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Population Policies, Fertility, Women's Human Capital, and Child Quality

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  • T. Paul Schultz

    () (Yale University)

Abstract

Population policies are defined here as voluntary programs which help people control their fertility and expect to improve their lives. There are few studies of the long-run effects of policy-induced changes in fertility on the welfare of women, such as policies that subsidize the diffusion and use of best practice birth control technologies. Evaluation of the consequences of such family planning programs almost never assess their long-run consequences, such as on labor supply, savings, or investment in the human capital of children, although they occasionally estimate the short-run association with the adoption of contraception or age-specific fertility. The dearth of long-run family planning experiments has led economists to consider instrumental variables as a substitute for policy interventions which not only determine variation in fertility but are arguably independent of the reproductive preferences of parents or unobserved constraints that might influence family life cycle behaviors. Using these instrumental variables to estimate the effect of this exogenous variation in fertility on family outcomes, economists discover these Across effects@ of fertility on family welfare outcomes tend to be substantially smaller in absolute magnitude than the OLS estimates of partial correlations referred to in the literature as evidence of the beneficial social externalities associated with the policies that reduce fertility. The paper summarizes critically the empirical literature on fertility and development and proposes an agenda for research on the topic.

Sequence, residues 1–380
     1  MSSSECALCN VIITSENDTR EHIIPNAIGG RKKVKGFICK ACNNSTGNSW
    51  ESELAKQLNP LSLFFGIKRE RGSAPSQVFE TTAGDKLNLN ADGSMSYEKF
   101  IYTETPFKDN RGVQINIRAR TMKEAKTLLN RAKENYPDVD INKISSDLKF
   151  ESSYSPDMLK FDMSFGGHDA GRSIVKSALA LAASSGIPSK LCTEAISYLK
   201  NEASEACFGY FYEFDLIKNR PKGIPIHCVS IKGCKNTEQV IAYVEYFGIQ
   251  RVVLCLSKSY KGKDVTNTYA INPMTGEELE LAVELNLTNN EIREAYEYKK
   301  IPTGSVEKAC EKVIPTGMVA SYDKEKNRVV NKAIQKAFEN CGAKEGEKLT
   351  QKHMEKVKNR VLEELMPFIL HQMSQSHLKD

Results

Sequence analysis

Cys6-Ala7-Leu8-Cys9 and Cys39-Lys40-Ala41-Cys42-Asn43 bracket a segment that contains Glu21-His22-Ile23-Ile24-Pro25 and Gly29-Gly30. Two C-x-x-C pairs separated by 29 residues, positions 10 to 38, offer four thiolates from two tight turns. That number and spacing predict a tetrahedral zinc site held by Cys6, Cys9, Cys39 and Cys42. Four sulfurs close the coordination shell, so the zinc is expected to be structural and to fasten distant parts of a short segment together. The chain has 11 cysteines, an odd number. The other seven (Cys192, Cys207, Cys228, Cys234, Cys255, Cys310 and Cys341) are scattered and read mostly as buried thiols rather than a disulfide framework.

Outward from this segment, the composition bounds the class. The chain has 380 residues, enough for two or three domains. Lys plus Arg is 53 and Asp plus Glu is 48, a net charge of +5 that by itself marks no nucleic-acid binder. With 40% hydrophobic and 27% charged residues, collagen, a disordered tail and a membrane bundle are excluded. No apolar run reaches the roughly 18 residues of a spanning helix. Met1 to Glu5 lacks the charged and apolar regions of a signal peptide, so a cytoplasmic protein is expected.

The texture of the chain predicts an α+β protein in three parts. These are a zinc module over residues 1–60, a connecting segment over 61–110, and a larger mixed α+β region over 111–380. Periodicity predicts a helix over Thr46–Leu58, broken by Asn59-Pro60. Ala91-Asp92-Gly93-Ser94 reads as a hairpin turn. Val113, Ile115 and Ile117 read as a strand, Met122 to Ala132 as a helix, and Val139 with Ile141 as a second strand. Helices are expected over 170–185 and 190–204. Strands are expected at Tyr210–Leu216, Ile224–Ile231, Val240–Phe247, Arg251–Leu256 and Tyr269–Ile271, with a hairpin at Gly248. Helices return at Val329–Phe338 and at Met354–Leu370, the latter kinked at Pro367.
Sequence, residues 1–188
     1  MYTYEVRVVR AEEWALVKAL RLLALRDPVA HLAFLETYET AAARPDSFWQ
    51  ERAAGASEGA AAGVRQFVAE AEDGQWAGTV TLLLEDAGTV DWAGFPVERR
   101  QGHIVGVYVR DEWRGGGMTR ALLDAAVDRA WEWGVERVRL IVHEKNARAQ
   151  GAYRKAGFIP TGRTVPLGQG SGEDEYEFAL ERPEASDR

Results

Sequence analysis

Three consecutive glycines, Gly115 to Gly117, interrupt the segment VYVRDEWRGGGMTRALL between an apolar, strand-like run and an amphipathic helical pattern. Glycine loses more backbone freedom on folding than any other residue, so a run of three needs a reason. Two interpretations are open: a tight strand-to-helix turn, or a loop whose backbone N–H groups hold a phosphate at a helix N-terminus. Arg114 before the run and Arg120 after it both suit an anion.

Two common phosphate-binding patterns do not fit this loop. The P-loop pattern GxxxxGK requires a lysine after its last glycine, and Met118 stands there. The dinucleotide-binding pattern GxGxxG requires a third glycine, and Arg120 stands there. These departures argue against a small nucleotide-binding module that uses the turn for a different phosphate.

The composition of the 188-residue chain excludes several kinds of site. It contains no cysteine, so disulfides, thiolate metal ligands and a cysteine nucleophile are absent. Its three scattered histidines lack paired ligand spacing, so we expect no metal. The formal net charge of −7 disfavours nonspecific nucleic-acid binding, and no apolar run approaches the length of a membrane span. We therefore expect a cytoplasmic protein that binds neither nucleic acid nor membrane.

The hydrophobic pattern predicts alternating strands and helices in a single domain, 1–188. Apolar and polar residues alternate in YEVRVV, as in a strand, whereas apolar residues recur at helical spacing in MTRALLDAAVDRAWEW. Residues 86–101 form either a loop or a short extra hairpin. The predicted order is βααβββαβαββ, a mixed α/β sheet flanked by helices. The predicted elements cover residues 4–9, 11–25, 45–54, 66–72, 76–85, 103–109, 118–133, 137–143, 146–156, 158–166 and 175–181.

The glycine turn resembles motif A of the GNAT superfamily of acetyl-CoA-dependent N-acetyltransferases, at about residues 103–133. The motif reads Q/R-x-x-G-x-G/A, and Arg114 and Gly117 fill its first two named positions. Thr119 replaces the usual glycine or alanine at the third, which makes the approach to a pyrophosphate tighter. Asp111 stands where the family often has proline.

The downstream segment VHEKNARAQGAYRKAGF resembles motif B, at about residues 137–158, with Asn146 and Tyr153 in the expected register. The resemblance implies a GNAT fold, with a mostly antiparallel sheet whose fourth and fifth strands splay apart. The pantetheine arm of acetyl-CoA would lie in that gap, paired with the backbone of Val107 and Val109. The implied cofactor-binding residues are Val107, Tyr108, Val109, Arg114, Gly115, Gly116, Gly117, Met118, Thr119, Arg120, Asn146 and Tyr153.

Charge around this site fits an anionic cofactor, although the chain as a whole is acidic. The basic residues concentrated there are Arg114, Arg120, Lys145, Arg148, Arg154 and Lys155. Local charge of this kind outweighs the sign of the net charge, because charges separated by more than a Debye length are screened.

Suggested Citation

  • T. Paul Schultz, 2007. "Population Policies, Fertility, Women's Human Capital, and Child Quality," Working Papers 954, Economic Growth Center, Yale University.
  • Handle: RePEc:egc:wpaper:954
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    Cited by:

    1. Clark, Gregory & Cummins, Neil, 2016. "The Child Quality-Quantity Tradeoff, England, 1780-1880: A Fundamental Component of the Economic Theory of Growth is Missing," CEPR Discussion Papers 11232, C.E.P.R. Discussion Papers.
    2. David SAHN & Catalina HERRERA, 2014. "The Impact of Early Childbearing on Schooling and Cognitive Skills among Young Women in Madagascar," Working Papers 201428, CERDI.
    3. Schultz, T. Paul, 2010. "Population and Health Policies," Handbook of Development Economics, Elsevier.
    4. T. Paul Schultz, 2007. "Fertility in Developing Countries," Working Papers 953, Economic Growth Center, Yale University.
    5. Takasaki, Yoshito, 2017. "Do Natural Disasters Decrease the Gender Gap in Schooling?," World Development, Elsevier, vol. 94(C), pages 75-89.
    6. Alessandro Cigno, 2010. "How to Avoid a Pension Crisis: A Question of Intelligent System Design ," CESifo Economic Studies, CESifo, vol. 56(1), pages 21-37, March.
    7. Liu, Yanyan & Yamauchi, Futoshi, 2014. "Population density, migration, and the returns to human capital and land: Insights from Indonesia," Food Policy, Elsevier, vol. 48(C), pages 182-193.
    8. Oliveira, Jaqueline, 2016. "The value of children: Inter-generational support, fertility, and human capital," Journal of Development Economics, Elsevier, vol. 120(C), pages 1-16.